Iron mortsafe lid, unsigned, British, 1801-1822
Bodies for dissection were in short supply in the early 1800s as only executed criminals could be dissected legally. In the United Kingdom, body-snatchers – also known as ‘resurrectionists’ – robbed the graves of the newly deceased, often in the middle of the night, and then sold the corpses on to anatomists.
Those that could afford them might have chosen to use heavy iron mortsafes such as this one to protect coffins and their occupants. First appearing around 1816, they came in a range of designs. In this example, the sheer weight of the lid was expected to put off even the most desperate body-snatcher.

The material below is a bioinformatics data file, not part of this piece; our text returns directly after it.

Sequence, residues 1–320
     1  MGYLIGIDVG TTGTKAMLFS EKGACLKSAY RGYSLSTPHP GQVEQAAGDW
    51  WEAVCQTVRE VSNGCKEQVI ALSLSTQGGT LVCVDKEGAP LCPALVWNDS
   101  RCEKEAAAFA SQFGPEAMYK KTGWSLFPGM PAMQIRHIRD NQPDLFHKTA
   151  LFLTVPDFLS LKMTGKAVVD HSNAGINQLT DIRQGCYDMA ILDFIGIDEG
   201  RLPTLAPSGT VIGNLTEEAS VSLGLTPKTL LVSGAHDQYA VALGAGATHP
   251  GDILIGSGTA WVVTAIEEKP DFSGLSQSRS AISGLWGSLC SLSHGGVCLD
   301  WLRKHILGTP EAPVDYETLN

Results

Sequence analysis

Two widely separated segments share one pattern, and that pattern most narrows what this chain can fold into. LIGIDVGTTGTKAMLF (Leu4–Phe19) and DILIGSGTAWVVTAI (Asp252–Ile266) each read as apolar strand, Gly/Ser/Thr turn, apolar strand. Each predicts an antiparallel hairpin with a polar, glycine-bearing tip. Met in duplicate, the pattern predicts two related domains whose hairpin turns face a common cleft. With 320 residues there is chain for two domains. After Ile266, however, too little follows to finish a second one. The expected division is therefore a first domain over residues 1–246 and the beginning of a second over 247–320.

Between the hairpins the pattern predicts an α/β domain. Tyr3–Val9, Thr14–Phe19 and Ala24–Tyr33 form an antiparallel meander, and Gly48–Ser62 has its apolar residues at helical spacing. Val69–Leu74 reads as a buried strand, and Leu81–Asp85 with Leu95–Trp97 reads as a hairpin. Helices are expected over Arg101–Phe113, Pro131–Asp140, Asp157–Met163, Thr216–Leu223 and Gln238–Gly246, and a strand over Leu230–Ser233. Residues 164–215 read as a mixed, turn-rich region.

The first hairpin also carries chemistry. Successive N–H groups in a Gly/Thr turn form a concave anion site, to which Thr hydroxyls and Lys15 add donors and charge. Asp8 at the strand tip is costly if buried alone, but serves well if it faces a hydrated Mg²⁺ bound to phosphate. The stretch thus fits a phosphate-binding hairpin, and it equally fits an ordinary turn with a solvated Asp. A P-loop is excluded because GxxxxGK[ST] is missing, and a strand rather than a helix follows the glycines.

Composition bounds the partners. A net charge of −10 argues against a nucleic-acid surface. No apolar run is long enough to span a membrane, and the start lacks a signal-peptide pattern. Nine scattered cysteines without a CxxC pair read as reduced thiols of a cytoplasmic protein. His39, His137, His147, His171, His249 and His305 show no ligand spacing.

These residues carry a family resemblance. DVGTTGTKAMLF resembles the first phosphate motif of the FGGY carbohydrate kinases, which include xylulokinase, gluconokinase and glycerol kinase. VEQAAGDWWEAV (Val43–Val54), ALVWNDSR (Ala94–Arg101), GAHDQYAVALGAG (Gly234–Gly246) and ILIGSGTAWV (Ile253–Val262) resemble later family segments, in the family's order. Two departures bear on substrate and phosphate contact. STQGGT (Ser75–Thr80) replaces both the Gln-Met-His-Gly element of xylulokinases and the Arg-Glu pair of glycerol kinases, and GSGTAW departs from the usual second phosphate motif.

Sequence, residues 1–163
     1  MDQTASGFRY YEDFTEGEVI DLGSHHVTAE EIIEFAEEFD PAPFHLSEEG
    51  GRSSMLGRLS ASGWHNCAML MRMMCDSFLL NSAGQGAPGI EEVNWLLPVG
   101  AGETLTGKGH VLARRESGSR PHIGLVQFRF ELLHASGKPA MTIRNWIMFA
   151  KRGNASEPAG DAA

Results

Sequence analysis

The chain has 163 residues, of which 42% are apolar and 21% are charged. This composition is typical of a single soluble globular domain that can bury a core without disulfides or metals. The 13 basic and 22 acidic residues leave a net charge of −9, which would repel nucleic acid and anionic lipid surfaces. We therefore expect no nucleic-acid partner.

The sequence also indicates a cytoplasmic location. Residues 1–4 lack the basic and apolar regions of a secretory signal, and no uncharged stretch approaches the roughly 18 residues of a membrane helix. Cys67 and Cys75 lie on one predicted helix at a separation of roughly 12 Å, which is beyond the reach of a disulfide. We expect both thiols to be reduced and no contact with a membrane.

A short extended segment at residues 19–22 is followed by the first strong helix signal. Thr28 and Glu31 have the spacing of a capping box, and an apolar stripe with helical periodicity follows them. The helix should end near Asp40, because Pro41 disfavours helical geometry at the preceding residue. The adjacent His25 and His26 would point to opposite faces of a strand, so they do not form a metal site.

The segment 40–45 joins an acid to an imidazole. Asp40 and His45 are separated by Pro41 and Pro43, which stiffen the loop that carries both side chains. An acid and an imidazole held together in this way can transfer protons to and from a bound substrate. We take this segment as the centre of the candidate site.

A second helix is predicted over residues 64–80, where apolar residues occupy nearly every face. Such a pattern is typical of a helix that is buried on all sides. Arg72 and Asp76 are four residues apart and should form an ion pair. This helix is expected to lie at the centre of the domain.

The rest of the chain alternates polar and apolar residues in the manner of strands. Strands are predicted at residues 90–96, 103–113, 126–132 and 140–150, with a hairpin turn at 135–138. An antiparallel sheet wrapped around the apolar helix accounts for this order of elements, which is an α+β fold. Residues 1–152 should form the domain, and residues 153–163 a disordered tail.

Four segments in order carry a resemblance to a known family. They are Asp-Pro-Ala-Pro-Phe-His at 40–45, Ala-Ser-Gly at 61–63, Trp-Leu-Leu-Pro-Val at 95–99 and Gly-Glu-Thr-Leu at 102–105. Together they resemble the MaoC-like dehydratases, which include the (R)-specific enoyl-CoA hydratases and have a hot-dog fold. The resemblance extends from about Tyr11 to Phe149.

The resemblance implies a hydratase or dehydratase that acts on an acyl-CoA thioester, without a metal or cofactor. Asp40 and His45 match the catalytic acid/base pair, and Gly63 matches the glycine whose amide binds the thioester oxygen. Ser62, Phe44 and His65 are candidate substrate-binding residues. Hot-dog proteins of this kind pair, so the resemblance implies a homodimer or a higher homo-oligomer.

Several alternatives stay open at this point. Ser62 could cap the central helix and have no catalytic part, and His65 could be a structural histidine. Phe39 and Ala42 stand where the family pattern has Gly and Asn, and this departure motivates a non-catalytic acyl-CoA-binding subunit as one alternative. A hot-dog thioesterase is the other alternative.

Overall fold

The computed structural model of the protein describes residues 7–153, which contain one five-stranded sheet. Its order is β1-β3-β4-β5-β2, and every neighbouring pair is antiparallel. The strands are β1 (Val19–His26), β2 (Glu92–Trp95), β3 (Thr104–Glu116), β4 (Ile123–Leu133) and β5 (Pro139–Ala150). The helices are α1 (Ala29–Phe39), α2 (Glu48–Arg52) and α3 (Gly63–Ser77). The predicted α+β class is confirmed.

- Anatomy & Pathology
- Object Number:
- A600162 Pt1
- Loan: Wellcome Trust
Cite this page
We encourage the use and reuse of our collection data.
Data in the title, made, maker and details fields are released under Creative Commons Zero
Descriptions and all other text content are licensed under a Creative Commons Attribution 4.0 licence
Download catalogue entry as json
Our records are constantly being enhanced and improved, but please note that we cannot guarantee the accuracy of any information shown on this website.